Cost: Free for Members; $15 for non-members
Patrick Donley discovered a 19th century midden (dump) beneath his warehouse/studio, thanks to a groundhog named Phyllis. He’s been excavating and photographing the finds for the last 4 years.
Literally thousands of household items deposited at the site for close to 30 years by nearby families and businesses have been unearthed through the excavations. The dump was shut down in the early 1920’s and the warehouse was constructed atop the bits and shards of history.
And now, that warehouse will become a museum that will house the nineteenth- and early twentieth-century artifacts unearthed from this neighborhood midden. Through its permanent collection and revolving exhibitions partnered with related entities, the Museum will serve as an educational institution, living memorial and bridge between today’s world and working-class immigrant American life at the dawn of the 20th century. The Mary Street Midden is rich with clues about the last major influenza epidemic, Louisville distilling and brewing, and early glass manufacture for beverages and patent medicines. Dinnerware, toys and tools all tell a story about everyday existence. Through the exploration of the refuse of the past, we may gain greater insight into how our waste impacts the world today.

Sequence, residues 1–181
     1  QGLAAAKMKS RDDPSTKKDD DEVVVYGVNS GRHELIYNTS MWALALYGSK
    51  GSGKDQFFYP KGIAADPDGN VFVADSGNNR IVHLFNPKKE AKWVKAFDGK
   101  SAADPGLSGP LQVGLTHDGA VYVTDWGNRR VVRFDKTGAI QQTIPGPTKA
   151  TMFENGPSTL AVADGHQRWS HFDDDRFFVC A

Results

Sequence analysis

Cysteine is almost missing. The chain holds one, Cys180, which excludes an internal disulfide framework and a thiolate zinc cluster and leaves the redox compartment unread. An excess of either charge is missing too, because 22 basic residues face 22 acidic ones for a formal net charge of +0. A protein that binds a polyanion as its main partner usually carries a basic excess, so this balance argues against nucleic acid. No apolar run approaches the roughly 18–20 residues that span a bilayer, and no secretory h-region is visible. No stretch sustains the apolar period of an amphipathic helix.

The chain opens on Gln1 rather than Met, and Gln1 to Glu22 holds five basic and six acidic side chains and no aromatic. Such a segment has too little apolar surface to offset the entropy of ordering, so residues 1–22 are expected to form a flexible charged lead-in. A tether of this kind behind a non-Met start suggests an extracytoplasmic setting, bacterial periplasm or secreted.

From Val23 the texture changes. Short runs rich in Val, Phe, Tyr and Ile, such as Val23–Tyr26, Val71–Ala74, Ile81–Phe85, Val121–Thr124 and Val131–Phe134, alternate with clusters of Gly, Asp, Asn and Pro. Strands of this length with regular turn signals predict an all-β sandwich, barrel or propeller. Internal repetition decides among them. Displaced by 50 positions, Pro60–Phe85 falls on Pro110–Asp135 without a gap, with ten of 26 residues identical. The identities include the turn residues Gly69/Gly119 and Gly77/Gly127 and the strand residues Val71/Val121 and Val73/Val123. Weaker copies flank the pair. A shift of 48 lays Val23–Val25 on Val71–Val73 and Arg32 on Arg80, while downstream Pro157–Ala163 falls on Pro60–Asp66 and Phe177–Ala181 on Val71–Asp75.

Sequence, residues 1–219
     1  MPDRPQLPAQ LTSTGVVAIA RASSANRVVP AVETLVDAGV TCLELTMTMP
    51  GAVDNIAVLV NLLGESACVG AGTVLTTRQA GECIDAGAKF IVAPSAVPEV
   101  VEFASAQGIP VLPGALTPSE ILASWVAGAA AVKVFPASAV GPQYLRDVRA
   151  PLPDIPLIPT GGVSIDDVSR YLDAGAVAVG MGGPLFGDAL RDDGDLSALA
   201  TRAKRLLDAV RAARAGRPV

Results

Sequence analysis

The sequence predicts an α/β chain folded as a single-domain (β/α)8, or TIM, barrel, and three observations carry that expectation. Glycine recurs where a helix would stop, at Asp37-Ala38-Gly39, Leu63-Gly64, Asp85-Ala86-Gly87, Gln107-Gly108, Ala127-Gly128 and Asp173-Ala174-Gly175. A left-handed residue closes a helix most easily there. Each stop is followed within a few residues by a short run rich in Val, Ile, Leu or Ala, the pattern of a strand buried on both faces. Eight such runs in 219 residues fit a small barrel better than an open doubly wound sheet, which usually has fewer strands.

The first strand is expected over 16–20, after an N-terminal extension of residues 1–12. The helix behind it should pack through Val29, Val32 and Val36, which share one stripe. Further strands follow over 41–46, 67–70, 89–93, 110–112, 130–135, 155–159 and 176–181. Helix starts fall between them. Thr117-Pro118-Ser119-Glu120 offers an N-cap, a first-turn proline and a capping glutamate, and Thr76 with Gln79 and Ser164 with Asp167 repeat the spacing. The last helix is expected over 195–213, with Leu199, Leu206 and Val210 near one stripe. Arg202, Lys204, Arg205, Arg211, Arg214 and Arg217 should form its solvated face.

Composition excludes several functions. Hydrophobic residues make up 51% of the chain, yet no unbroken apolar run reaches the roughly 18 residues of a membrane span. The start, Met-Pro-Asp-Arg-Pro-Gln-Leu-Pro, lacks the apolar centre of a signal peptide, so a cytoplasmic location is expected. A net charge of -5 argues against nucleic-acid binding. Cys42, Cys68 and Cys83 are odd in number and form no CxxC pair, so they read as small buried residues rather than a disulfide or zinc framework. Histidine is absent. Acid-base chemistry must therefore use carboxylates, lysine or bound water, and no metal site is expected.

Patrick Donley is a painter, sculptor, musician, and now accidental archeologist, who has made his reputation with his colorful, abstract paintings and quirky found object sculpture. He has a BA from Davidson College in painting, and an MFA from Northwestern University in painting and drawing. He is very proud to have been a longtime owner of Zephyr Gallery, and is looking forward to this new chapter in his life.